Everybody's favorite actors/trainers.

Everybody’s favorite actors/trainers.

Ridiculous theatrics aside (the lights, the music, the bi-polar weight readout jumping all over the place), I have a serious issue with the whole idea of the weigh-in determining the winners and losers of the show.  First of all, they are completely neglecting the relevance body composition (the percentages of fat, bone and muscle in human bodies).  Secondly, they are encouraging viewers to base their success and failure solely by the number on the scale.

The simplest way to understand body composition is, lean tissue versus fatty tissue.  Body comp is a more accurate way to assess a “healthy” body than the weight or BMI (Body Mass Index, don’t even get me started on this).  See the table below for recommended body fat percentages.

Body-Fat-Chart

Unfortunately, testing body composition is either cheap OR good.  Calipers (cheap) rely on a skilled and experienced user, accurately calibrated calipers and a host of other  factors.  The two “gold standard” body comp testing procedures are hydrostatic (dunk tank) and DEXA (Dual Energy X-ray Absorptiometry) but they have their own set of drawbacks, namely the price.

Sit back and say, "absorptiometry ."

Sit back and say, “absorptiometry .”

I propose a different method to monitor your own body fat.  It’s can be done solo, it’s easily repeatable and best of all, it’s highly scientific.  It’s called PCATHYCF (Pay Close Attention To How Your Clothes Fit).  You see, as you lose fat you’ll start to take up less space in the world.  In the beginning, your jeans will start fitting slightly looser.  You may assume your dryer did something to them because up until this point, they fit fine.  However, depending on the level of work you put in, the change will soon be undeniable.

The scale can be very deceptive.

The scale can be very deceptive.

Notice above, the size difference between the two samples.  Place them on a scale, one at a time, and “5” would show up for both.  However, the muscle takes up much less space.  This is basically my entire argument for ignoring the scale, in picture form.

Let’s say, for the last 4 weeks you’ve been busting your ass at Copperhead CrossFit 3-5 times per week.  You’ve been eating mostly “paleo” foods and you’ve made sure to get enough rest.  Let’s say that you lost that five pound blob of fat and you gained that five pound slab of muscle.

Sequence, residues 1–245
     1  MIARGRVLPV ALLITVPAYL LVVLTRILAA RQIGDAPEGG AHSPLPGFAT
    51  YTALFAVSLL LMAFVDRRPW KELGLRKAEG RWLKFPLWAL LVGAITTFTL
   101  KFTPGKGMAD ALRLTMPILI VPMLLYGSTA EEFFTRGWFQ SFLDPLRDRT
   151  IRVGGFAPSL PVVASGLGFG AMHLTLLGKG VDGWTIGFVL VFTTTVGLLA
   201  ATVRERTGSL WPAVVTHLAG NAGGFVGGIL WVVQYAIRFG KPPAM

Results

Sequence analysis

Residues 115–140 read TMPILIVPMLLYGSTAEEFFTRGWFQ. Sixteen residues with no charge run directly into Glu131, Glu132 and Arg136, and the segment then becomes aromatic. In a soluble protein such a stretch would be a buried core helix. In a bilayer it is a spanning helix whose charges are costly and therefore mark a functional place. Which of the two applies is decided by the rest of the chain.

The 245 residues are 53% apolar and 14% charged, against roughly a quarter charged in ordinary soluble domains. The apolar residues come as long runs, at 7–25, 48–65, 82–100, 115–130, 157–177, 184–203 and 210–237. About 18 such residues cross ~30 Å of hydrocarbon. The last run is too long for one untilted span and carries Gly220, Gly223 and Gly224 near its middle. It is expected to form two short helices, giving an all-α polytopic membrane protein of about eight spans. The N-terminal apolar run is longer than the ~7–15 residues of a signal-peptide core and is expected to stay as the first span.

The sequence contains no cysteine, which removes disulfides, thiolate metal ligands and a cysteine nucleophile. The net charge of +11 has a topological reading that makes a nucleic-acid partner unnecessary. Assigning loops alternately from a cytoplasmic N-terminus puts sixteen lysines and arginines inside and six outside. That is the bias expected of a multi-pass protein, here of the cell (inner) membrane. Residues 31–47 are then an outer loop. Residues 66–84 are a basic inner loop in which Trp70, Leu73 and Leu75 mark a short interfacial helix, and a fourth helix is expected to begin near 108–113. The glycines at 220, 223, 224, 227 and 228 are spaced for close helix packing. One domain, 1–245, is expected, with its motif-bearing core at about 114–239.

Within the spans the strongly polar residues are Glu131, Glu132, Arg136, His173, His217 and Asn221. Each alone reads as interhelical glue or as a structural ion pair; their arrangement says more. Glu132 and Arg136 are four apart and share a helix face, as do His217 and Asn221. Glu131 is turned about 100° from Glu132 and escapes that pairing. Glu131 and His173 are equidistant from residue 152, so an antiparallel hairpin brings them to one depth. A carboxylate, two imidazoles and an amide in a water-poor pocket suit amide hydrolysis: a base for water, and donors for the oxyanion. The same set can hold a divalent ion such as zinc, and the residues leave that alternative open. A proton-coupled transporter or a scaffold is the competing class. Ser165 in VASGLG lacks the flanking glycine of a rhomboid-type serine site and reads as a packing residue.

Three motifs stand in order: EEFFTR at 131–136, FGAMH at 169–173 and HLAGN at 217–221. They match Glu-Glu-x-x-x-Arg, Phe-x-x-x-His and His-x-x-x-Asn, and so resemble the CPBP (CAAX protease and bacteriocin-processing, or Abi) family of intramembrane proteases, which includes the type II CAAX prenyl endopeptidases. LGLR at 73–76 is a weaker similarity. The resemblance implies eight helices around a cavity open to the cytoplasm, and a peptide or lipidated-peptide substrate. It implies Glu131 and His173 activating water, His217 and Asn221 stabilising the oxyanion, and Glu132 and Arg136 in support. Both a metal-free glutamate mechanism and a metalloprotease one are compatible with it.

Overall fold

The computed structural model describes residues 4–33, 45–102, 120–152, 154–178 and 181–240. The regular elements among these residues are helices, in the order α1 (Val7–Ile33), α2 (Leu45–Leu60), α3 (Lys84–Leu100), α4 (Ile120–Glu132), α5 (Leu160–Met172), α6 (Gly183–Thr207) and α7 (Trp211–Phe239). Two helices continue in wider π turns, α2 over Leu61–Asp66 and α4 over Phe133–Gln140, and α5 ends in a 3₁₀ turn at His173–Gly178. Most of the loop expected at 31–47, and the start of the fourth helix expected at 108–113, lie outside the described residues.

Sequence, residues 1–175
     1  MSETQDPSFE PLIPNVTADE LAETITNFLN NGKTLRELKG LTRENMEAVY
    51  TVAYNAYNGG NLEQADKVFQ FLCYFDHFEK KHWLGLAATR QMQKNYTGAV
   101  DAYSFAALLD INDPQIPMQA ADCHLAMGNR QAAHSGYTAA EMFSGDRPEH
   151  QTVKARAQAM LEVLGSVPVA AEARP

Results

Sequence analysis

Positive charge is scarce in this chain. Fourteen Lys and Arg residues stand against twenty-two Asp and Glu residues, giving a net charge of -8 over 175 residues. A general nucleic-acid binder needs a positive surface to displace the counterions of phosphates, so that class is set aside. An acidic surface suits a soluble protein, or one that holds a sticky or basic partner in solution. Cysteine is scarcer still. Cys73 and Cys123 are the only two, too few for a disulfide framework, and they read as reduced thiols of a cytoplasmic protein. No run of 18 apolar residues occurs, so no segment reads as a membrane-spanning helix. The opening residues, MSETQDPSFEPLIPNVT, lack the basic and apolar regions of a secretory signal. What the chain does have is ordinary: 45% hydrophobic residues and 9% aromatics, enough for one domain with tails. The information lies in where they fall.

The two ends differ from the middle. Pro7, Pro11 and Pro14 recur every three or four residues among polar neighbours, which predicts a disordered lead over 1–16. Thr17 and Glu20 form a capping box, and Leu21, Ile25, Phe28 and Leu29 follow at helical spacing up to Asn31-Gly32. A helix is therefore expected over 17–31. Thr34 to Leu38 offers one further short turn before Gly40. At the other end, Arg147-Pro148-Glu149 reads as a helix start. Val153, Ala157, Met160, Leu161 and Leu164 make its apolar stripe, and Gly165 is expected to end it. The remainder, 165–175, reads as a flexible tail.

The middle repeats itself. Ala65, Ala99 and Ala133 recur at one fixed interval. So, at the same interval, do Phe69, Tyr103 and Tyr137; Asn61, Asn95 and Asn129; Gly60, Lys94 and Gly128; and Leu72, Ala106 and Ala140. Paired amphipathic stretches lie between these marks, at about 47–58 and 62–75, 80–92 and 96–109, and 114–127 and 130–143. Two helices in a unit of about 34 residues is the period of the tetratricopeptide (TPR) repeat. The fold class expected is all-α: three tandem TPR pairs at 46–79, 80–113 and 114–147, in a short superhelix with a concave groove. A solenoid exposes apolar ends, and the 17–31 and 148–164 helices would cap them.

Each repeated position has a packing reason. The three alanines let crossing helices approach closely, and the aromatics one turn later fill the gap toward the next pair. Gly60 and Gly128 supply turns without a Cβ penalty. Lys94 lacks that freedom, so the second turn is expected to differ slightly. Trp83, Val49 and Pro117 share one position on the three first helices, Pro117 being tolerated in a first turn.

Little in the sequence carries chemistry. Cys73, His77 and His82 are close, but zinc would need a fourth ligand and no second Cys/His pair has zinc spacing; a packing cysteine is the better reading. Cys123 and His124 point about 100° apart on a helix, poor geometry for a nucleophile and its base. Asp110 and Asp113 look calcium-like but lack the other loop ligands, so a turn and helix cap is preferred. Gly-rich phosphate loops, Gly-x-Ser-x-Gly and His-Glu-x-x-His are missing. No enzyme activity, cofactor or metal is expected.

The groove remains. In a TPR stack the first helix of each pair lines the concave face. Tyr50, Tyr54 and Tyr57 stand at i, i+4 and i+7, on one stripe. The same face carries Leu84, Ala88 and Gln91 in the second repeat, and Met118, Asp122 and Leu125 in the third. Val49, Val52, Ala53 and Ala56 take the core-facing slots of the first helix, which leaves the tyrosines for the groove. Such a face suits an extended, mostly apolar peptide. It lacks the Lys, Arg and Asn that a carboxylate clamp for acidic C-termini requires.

• If you only looked at the scale, you would be severely disappointed, as it would show no change in weight.  Your hopes and dreams of making it to the CrossFit Games would be crushed and you would retire to the couch with a few gallons of ice cream to drown your sorrows.
    Don't let slow progress get you down.

    Don’t let slow progress get you down.

  • On the other hand, if you’re following PCATHYCF, the size difference between the fat lost and muscle gained would be clearly evident.  You’d continue down your path to wellness and live happily ever after.

At the end of last night’s “Biggest Loser”, one of the hardest working guys was given the boot because he lost 0 pounds during his second week on the show.  I understand that they have a show to run, but it’s unacceptable to tell someone that they “lost” solely because the scale said so.  I sincerely hope that that fella continues down the road to wellness and doesn’t let that BS weigh-in define him.

Moral of the story: At Copperhead CrossFit, we relentlessly chase increased performance.  Whether it’s a few pounds added to a Snatch PR (personal record), or a minute off of your Fran time, we strive to get better in the gym.  If you are constantly increasing your performance, you are constantly moving from sickness to fitness.  If you are moving away from sickness and moving toward fitness, your body will reflect it.

As Mark Twight (no, not Mark Twain) once said, “Appearance is the consequence of fitness.”

If you’re still not conviced, take a look at this article from Nerd Fitness about Staci (pictured below) and her power-lifting journey.

girl from nerd fitness-for scale article